But, because of where they lived and the way they’d been conditioned, nine out of ten of them would never think to expand on that kind of gift. They breakdanced to relieve stress and then that was it.
I always regretted not being able to reach them all, to tell them all that at least for some of them this kind of amazing gift could be a way out.
Good gracious, I remember the days when breakdancing was the thing to do – this was before it evolved into crumping and hip hop.
While everyone can’t do all breakdancing, it seemed like all of us could do at least some of it. Do remember the worm? It was a ton of fun.
The truth is, though, that it has transformed and grown into a real dance genre all its own and should be completely respected. I absolutely love to see people do it who really can do it well!
I myself might not be able to do it all anymore, but I bet I could still do a mean coffee grind. I’ll leave the spinning on the head and the belly flops to somebody else, though.
@Monika - That is a good idea. However, not just anyone can breakdance! Have you ever seen some of those moves?
Breakdancers hop around on their hands and spin on their heads! I don't think most high schoolers could do this. However, the idea of having some sort of contest to settle an argument is still a good idea.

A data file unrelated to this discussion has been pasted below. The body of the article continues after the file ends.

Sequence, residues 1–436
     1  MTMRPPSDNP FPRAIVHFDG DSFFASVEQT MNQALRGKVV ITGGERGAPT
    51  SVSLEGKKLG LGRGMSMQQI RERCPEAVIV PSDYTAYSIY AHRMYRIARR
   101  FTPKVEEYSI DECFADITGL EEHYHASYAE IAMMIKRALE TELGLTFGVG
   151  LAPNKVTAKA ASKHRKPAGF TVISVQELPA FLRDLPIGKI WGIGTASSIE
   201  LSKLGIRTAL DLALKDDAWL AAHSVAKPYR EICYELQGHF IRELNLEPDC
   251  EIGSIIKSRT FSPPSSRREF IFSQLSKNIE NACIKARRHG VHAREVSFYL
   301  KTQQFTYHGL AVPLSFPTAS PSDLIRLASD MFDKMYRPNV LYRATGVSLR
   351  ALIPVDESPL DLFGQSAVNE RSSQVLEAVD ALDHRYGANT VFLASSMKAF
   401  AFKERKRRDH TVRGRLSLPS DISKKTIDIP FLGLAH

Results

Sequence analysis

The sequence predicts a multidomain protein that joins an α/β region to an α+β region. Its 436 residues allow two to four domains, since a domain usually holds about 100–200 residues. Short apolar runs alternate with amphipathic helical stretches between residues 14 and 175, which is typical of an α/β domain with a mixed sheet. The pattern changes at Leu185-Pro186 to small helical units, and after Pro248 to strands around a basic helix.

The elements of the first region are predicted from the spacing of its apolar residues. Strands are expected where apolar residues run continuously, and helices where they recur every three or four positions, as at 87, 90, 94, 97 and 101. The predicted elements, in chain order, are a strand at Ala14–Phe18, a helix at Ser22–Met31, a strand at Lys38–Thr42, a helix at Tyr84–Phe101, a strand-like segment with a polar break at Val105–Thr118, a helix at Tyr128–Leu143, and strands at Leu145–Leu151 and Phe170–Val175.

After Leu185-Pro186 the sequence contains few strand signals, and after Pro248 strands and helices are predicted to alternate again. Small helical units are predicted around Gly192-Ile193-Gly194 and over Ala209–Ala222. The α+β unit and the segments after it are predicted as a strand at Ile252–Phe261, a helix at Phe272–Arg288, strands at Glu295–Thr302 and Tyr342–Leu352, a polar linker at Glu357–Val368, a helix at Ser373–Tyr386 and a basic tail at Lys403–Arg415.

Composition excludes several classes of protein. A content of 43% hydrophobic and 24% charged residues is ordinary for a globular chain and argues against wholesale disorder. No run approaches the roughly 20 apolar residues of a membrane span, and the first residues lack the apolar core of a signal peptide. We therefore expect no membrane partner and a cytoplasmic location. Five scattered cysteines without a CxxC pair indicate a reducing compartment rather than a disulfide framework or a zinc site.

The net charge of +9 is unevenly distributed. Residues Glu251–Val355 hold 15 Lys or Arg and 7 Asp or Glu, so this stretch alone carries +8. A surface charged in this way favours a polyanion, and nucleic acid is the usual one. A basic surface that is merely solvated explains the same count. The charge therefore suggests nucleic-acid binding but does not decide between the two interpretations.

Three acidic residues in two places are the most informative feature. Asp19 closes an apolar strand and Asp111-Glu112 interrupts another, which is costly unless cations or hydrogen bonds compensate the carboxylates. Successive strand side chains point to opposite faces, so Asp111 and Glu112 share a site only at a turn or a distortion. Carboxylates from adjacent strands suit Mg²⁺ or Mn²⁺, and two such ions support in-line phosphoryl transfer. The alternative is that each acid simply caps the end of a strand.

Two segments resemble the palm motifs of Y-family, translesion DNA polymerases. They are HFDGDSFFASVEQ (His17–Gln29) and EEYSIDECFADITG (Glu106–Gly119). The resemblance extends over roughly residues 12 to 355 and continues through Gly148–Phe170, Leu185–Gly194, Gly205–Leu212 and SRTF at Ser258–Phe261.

@JessicaLynn - That does sound like an interesting experience. I know a little bit about breakdancing, and I think its origins are so interesting.
The article touched on it a little, but breakdance battles partly started out as an alternative to having a fistfight. So instead of fighting, they have a "battle" and whoever is the better dancer wins the battle and therefore the argument.
I think this is a great alternative! Whoever thought this up was definitely a problem-solver. Maybe we should institute something like this in high schools!
My boyfriend is a DJ, and he recently helped organize a breakdancing battle. I went along, and helped behind the scenes. Let me tell you, a lot goes into organizing an event like this!
First of all, you have to collect money from the breakdancers who are competing. This may just be hearsay, but breakdancers are notorious for being late and disorganized. So we still had people showing up after the battle started.
Second of all, someone has to decide who is battling whom. In this case, that someone was me. I decided completely at random, which I don't think is the proper way. Either way, it worked! Then while the battle was taking place I kept track of who won each round.
It was a lot of work, but it was very interesting. I'm glad I got to have the experience.